• Change programmes. The objective of most treasuries is to achieve straight through processing (STP) such as reducing manual interventions so data and transactions can flow unencumbered through the workstream. Few teams begin with a perfect solution, so achieving a high level of process automation is usually an iterative process that evolves through continuous improvements made over a number of years. Automating the flow of data, such as bank statements, financial market information and trades, are fundamental objectives when seeking to achieve STP. Support from IT is therefore essential to establish, and occasionally maintain, the multitude of interfaces that facilitate the flow of information between the business and various external stakeholders. If a business makes the brave choice to implement a new TMS, it is important that IT is involved at inception to ensure that any solution can be properly supported by existing architecture and that in-house support teams can provide first line support should issues arise both during and post implementation. If IT stakeholders understand the system well enough to develop reports and make simple configuration changes, then the requirement, and cost, associated with ongoing vendor support can be reduced.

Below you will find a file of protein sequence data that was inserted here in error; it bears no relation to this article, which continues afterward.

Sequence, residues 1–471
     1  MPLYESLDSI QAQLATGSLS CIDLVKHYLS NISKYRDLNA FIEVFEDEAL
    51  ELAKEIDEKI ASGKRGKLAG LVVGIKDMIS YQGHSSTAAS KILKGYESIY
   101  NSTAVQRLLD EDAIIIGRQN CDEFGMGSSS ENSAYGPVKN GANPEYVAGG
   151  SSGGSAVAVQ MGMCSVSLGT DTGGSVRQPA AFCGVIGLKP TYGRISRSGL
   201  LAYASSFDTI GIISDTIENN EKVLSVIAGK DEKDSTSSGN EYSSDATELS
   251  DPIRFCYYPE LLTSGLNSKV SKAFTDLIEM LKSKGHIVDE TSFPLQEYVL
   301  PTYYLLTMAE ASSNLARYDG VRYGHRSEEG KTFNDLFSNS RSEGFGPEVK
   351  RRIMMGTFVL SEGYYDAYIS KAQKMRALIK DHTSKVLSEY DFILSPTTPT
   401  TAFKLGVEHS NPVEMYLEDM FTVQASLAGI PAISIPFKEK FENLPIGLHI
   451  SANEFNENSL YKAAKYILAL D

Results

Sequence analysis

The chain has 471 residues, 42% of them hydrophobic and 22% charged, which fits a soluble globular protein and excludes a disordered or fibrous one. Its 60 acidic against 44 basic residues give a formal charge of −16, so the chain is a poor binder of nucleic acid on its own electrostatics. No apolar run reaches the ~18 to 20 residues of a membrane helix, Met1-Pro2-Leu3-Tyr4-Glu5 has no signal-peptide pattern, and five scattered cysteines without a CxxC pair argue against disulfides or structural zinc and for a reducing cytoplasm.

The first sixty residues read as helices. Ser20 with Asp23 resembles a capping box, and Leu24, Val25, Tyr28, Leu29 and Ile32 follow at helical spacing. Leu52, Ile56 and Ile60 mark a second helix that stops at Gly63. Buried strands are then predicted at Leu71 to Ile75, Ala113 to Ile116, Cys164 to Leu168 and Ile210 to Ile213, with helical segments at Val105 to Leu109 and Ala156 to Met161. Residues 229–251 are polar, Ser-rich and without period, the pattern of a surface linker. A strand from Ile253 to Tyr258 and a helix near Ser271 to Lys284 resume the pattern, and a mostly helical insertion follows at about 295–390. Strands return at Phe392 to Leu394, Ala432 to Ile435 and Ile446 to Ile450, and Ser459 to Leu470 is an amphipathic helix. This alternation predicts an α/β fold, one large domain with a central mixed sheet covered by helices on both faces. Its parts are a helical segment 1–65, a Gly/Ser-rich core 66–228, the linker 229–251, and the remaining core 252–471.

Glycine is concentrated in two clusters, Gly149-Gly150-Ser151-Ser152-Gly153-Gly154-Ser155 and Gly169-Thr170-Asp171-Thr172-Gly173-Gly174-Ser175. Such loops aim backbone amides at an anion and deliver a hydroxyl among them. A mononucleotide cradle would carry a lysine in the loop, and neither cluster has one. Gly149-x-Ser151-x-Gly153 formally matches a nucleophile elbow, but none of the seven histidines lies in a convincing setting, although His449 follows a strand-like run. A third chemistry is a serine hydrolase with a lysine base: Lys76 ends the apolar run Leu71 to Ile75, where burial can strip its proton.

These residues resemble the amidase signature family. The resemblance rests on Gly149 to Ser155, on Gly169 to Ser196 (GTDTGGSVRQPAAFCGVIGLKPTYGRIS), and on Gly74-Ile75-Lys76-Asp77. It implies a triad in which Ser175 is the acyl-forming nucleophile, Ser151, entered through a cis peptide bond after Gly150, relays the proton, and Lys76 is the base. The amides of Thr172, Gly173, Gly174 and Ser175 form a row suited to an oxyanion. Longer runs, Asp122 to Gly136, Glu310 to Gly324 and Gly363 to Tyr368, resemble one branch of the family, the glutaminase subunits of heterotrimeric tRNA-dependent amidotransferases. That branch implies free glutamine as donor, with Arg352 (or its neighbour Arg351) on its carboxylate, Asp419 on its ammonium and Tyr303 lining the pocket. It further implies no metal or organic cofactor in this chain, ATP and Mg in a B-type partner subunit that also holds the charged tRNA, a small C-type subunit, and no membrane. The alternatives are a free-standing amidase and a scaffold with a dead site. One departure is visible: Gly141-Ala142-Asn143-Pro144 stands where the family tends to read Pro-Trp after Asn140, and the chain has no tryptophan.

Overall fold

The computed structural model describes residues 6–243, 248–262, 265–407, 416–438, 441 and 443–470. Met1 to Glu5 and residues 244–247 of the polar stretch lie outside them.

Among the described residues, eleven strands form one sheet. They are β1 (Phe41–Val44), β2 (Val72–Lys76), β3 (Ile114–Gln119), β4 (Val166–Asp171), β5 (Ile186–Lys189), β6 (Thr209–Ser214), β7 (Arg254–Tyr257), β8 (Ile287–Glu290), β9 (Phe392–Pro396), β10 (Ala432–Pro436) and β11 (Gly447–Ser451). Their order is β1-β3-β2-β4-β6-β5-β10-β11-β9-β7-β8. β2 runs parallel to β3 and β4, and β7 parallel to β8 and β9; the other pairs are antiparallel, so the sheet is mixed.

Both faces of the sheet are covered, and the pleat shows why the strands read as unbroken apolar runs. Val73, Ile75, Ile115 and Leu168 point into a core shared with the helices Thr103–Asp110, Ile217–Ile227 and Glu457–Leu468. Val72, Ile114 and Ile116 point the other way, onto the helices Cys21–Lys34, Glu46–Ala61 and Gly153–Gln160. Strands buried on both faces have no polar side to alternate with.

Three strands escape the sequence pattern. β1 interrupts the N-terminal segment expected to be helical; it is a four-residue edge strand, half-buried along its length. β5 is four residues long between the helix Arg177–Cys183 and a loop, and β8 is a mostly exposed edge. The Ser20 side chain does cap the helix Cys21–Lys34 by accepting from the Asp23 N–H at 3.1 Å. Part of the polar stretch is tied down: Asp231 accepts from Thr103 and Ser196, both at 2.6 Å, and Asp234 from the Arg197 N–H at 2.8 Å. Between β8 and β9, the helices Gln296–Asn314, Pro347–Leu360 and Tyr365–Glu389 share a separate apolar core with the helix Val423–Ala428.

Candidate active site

• Business continuity. It is critically important that treasury has a robust, and frequently tested, continuity plan to ensure that any disruption associated with an unexpected location or system outage can be mitigated. To effectively manage daily operations, treasury requires hardware that facilitates agile working and fast and efficient support should any system accessibility issues arise. In the past, the provision of a work area recovery facility (WARF) was advisable to ensure that business critical functions, such as treasury, could be maintained during major disruption events. However, with the proliferation of cloud-based SaaS solutions and the welcome drift toward flexible working arrangements, the need for maintaining off-site contingency space has diminished.